The transition to a new town has been smooth, too. Cameron lives in an off-campus apartment with Kenny Williams and Maye, who is also one of four brothers. Cameron is in two-year master’s program for sports administration, which lines up perfectly with his time in Chapel Hill. Most of his classes are in Woollen 205. He takes classes with nine other grad students, and professors rotate in and out of the room, which has a lounge complete with a mini fridge and a TV.
And, of course, Cameron still keeps in touch with his family. Aaron, a high school valedictorian and four-year basketball player at Clarion University, now works as a researcher in a neuroscience lab at Pittsburgh. He and Cameron play fantasy football together. Puff, 17, and Braylon, 12, prefer getting to their older brother over FaceTime and Snapchat message. Gilbert and Amy talk to their son two or three times a day by text or call.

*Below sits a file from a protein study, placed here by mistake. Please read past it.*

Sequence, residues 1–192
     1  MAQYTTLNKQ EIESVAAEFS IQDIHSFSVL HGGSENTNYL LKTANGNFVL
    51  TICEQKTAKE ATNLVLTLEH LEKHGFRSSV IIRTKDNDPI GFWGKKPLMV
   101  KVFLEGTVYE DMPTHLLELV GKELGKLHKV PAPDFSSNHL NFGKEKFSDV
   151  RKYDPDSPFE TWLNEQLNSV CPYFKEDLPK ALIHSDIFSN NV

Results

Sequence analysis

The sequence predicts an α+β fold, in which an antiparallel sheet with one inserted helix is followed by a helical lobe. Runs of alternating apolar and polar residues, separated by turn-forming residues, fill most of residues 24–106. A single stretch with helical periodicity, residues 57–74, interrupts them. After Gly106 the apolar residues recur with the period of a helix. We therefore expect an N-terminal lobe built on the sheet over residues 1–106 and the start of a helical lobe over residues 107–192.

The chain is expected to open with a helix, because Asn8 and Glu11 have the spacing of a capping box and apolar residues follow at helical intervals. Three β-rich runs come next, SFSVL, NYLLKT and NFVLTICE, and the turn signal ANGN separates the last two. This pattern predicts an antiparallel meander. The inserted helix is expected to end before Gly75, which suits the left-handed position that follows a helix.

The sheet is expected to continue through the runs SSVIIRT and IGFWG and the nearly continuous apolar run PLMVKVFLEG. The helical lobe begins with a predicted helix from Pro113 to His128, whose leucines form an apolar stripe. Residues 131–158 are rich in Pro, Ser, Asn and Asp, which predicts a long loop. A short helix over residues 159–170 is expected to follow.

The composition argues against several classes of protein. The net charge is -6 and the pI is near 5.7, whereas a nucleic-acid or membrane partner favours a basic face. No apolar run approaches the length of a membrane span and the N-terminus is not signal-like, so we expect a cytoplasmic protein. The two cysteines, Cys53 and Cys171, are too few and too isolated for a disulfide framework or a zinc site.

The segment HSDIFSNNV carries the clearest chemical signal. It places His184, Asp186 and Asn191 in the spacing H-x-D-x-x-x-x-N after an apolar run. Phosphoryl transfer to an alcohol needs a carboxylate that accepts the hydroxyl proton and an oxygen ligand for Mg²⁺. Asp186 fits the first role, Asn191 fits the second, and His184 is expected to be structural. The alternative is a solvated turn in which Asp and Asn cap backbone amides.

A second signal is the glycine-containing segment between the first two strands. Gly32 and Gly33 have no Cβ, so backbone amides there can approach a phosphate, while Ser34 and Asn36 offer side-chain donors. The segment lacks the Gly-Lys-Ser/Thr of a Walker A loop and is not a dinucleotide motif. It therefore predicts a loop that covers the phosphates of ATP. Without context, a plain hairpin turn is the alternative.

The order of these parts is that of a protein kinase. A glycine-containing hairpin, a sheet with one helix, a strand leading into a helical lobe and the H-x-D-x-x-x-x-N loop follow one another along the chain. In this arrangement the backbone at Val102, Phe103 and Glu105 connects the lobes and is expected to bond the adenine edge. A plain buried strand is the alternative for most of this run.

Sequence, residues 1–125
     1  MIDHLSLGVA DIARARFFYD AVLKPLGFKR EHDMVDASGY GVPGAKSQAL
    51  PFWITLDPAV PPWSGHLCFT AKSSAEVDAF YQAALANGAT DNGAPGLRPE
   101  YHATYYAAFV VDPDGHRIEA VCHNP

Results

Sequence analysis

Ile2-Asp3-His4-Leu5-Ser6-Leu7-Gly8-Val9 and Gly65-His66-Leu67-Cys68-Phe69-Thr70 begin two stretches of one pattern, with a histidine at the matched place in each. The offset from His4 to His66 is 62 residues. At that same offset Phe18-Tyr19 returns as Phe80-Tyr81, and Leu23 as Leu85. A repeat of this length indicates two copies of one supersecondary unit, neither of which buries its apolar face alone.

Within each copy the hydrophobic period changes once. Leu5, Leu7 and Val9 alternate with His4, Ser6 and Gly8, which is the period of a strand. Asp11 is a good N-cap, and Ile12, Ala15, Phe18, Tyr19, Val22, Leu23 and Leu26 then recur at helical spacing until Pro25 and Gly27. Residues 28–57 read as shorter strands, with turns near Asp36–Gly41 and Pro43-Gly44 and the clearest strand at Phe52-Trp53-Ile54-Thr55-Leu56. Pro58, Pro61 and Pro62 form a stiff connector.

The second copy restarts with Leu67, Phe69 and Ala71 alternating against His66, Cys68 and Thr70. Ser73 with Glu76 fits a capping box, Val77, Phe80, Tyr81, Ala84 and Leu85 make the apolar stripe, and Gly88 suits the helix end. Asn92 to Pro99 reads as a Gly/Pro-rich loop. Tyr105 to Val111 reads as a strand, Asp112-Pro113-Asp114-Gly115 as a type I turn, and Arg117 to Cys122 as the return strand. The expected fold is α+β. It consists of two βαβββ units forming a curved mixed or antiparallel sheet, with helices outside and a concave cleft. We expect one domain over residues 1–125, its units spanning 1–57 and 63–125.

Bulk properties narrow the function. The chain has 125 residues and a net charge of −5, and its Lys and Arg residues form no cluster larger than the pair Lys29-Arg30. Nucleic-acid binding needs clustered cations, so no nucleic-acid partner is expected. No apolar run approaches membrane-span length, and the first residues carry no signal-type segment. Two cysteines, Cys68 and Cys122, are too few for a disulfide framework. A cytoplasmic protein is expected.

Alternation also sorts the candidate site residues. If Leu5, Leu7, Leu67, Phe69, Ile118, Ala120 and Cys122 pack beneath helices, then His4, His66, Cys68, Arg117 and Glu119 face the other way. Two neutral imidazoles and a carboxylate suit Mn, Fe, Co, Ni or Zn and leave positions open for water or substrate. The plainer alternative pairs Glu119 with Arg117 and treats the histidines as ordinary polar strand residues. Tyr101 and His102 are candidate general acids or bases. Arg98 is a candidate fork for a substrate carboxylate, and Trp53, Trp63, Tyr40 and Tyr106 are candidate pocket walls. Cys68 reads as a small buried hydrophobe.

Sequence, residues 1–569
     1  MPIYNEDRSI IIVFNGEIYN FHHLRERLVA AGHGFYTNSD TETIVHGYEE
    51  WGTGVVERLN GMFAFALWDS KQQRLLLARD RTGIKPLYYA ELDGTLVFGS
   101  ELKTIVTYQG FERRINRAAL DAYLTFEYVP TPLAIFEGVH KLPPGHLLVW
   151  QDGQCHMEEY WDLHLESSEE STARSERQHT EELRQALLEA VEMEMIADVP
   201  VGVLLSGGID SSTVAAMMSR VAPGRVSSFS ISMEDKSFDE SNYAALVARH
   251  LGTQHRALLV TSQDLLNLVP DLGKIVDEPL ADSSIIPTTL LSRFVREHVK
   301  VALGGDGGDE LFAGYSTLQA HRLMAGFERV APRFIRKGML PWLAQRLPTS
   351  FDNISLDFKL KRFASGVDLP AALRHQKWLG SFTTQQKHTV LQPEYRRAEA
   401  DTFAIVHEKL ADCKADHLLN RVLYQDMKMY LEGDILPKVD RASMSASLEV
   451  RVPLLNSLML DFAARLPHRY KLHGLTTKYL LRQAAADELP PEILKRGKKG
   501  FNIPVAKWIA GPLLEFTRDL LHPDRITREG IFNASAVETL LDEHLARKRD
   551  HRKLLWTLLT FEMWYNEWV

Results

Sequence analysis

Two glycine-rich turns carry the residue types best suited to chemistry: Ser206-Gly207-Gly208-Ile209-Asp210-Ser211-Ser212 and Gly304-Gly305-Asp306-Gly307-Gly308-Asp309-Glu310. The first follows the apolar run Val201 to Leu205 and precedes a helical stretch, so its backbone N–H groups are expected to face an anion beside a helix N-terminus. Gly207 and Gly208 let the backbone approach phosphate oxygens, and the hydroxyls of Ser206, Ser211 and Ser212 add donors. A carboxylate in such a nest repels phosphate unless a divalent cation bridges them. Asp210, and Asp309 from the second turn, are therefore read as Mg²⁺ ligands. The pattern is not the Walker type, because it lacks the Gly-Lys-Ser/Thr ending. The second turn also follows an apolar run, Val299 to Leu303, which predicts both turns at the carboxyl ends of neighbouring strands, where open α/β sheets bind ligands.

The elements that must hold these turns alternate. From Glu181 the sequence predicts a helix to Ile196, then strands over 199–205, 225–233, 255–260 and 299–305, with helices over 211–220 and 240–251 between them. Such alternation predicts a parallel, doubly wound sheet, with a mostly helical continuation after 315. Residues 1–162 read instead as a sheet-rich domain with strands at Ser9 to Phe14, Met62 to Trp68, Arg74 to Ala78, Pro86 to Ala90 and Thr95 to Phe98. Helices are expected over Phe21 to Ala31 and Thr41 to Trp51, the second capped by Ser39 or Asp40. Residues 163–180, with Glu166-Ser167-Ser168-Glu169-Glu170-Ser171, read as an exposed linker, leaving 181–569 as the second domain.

Back home in Pennsylvania, Cameron’s first UNC jersey stills hangs on his wall. His parents have held onto that first pair of Jordans. And tonight against Northern Iowa, it all culminates for the kid who watched basketball intently when he was 1, competed on a fourth-grade AAU team as a first-grader and played one-on-one games with his brother to 90 or 100 points instead of 15 or 21.
Maybe, it all adds up: the growth spurt, the shoulder, the three-year graduation, the career night in the Smith Center that Roy Williams still remembers. Or maybe it doesn't. Regardless of how Cameron Jordan Johnson found his way to UNC, the important thing is that he did.
“It’s a blessing,” Gilbert said. “He is where he’s supposed to be."